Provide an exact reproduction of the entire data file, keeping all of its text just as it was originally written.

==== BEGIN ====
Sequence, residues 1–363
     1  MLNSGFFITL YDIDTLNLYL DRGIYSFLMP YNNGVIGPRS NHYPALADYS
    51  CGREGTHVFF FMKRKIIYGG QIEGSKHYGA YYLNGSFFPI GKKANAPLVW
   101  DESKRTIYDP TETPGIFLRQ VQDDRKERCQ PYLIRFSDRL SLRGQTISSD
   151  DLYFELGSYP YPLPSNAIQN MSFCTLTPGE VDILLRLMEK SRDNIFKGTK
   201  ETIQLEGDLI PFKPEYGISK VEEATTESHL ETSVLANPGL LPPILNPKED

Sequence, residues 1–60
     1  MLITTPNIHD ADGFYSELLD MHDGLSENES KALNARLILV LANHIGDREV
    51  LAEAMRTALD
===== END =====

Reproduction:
Sequence, residues 1–363
     1  MLNSGFFITL YDIDTLNLYL DRGIYSFLMP YNNGVIGPRS NHYPALADYS
    51  CGREGTHVFF FMKRKIIYGG QIEGSKHYGA YYLNGSFFPI GKKANAPLVW
   101  DESKRTIYDP TETPGIFLRQ VQDDRKERCQ PYLIRFSDRL SLRGQTISSD
   151  DLYFELGSYP YPLPSNAIQN MSFCTLTPGE VDILLRLMEK SRDNIFKGTK
   201  ETIQLEGDLI PFKPEYGISK VEEATTESHL ETSVLANPGL LPPILNPKED

Sequence, residues 1–60
     1  MLITTPNIHD ADGFYSELLD MHDGLSENES KALNARLILV LANHIGDREV
    51  LAEAMRTALD